Palestinian activist joins UK lawsuit against NSO Group, UAE and Saudi Arabia
A British-Palestinian academic and activist has joined a legal challenge in the UK's High Court against NSO Group, Saudi Arabia and the United Arab Emirates over allegations that NSO's Pegasus spyware was used against him.
Azzam Tamimi was allegedly targeted with the Israeli firm's military-grade spyware by Saudi Arabia on several occasions between 2018 and 2021, his lawyers said on Wednesday.
Tamimi, who was a long-standing friend of Jamal Khashoggi, says his phone was infiltrated while he was in touch with the journalist and Middle East Eye columnist, who was murdered by a Saudi kill team in October 2018.
Khashoggi also appeared on Tamimi's show on the satellite TV channel Al-Hiwar a month before the first verified example of Tamimi's phone being hacked, his lawyers say.
"This deliberate and evil act shows that the regime will stop at nothing to crush free speech and the human rights of those who criticise it," Tamimi said in a statement on Wednesday.
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"We will bring these matters into the light and believe that justice will prevail in the end."
MEE has sought comments from Saudi Arabia's Ministry of Foreign Affairs and NSO Group.
Legal action follows key ruling
Tamimi joins three other UK-based activists - Yahya Assiri, a Saudi human rights defender, Anas Altikriti, head of the Cordoba Foundation, and Mohammed Kozbar, chairman of Finsbury Park Mosque - in the legal action they began earlier this year.
Their action was given a potential boost in August when the High Court ruled that prominent Saudi Arabian satirist and dissident Ghanem al-Masarir could proceed with his own spyware lawsuit against the kingdom. Masarir alleges that Riyadh installed spyware on his phones and ordered an assault on him.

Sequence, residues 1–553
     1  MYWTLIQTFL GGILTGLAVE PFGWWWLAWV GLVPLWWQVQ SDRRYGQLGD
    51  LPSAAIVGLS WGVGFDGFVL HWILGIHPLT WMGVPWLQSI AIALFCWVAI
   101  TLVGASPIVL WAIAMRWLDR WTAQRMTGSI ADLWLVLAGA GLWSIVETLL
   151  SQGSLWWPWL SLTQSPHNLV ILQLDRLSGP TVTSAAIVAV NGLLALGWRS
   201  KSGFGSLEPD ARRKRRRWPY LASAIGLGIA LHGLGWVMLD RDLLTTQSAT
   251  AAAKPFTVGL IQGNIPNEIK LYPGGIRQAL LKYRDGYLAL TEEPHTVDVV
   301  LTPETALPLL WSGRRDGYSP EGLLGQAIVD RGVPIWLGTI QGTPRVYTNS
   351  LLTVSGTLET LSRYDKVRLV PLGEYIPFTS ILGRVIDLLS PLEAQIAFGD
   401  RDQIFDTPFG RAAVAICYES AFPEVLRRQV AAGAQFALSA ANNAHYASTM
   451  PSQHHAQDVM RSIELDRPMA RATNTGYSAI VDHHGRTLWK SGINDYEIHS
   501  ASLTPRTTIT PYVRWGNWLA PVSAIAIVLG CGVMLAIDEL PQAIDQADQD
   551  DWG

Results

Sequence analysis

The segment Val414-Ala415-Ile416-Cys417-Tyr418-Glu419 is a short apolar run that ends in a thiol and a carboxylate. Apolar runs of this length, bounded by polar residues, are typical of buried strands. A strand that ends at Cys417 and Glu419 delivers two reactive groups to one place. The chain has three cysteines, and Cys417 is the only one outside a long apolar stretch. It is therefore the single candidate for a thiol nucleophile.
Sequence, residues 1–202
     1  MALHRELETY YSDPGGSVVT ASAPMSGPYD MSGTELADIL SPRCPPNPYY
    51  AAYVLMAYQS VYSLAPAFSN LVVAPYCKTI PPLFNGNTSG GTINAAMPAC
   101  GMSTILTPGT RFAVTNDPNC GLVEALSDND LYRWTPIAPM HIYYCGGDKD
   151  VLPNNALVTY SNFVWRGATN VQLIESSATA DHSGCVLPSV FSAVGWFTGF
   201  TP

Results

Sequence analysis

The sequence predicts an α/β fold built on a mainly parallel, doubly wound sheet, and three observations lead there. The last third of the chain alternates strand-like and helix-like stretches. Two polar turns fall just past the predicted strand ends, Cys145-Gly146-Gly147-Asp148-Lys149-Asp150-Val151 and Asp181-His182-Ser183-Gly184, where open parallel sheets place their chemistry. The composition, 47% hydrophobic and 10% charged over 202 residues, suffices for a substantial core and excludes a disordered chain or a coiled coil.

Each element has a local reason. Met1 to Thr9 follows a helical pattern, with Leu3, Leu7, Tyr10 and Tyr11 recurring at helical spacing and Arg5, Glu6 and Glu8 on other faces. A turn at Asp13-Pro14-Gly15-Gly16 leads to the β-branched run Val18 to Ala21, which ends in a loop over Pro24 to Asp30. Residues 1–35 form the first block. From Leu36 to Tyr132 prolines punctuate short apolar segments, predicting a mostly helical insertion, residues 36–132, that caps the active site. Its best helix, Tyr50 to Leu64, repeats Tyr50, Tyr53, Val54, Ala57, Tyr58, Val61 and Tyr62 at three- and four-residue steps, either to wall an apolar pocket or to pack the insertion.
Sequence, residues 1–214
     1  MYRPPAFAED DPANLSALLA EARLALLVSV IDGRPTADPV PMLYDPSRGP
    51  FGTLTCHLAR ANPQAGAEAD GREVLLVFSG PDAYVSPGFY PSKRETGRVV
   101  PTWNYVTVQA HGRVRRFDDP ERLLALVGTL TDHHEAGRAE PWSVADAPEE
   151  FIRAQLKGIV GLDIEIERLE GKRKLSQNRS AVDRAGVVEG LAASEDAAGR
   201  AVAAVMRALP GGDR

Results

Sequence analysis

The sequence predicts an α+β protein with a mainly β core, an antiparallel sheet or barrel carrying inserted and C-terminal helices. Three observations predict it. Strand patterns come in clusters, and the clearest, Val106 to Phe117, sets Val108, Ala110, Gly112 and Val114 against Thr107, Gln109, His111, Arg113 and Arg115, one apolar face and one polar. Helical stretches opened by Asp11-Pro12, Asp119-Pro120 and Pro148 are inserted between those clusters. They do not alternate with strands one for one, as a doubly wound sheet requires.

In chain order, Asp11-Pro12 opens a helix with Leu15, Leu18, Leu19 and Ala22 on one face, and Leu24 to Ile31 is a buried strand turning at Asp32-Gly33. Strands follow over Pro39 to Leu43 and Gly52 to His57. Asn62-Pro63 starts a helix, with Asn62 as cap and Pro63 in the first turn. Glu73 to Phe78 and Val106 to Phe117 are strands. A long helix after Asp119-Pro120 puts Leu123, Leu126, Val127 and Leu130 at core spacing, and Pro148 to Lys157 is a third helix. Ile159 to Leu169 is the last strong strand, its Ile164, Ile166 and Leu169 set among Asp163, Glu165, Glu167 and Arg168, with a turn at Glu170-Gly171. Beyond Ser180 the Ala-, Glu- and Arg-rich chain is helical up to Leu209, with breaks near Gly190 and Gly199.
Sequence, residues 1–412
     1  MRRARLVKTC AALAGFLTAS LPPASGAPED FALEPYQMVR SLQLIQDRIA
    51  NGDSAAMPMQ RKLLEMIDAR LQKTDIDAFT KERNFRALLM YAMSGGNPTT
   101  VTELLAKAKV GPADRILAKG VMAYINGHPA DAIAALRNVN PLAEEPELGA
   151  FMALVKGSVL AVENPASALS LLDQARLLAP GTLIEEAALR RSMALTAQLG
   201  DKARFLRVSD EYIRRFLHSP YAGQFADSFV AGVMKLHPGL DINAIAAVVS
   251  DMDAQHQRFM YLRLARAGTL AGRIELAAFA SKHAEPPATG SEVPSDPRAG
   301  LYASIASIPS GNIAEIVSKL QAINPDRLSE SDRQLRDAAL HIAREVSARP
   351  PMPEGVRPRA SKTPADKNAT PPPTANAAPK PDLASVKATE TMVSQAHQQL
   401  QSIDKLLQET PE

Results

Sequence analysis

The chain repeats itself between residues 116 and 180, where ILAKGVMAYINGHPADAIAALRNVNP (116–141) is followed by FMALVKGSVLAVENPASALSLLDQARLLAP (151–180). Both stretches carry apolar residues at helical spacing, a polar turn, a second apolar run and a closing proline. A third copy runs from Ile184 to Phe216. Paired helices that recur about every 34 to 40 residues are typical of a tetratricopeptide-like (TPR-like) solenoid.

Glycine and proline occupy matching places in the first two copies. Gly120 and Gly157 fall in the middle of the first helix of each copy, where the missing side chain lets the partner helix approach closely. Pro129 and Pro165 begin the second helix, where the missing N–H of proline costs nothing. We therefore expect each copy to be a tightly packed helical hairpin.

The judgment in his case was the first ruling in a UK court involving spyware and a foreign country. It will likely set a precedent for future cases involving UK-based individuals allegedly targeted by foreign states on British soil.
Claimants in the legal action brought by the London-based Bindmans law firm and the Global Legal Action Network, now joined by Tamimi, have previously told Middle East Eye of the emotional toll that the alleged infiltrations have had on their lives and the tangible costs to their work.
Altikriti, who works as a hostage negotiator in addition to running the UK-based Cordoba Foundation, said he was in the middle of a negotiation for the release of a young woman when his phones were hacked, allegedly by the UAE.
He told MEE that the negotiation was in its final stages when all communication abruptly stopped. To this day, he doesn't know what happened to the woman or the parties that were trying to free her.
Tamimi has also told MEE that he believes he was targeted in an attempt to spy on the international movement that coalesced to seek justice for Khashoggi after his murder.
"There were communications with the Turks, with human rights lawyers, with activists around the world about what should be done to tell the world that Mohammed bin Salman was actually responsible," Tamimi said. "So they came to monitor what was going on."
Tamimi's lawyers said English courts should recognise that the alleged infiltration of their clients' phones by foreign states should not have happened or be allowed to continue.
"The fact that this spyware has been used by foreign states in the UK is such a serious breach of national security that it should be of major concern to the UK government and security services," said Tayab Ali, a partner at Bindmans.
"Not only should the courts deal with this, but the government should hold a public inquiry to establish exactly how this could have been allowed to happen."
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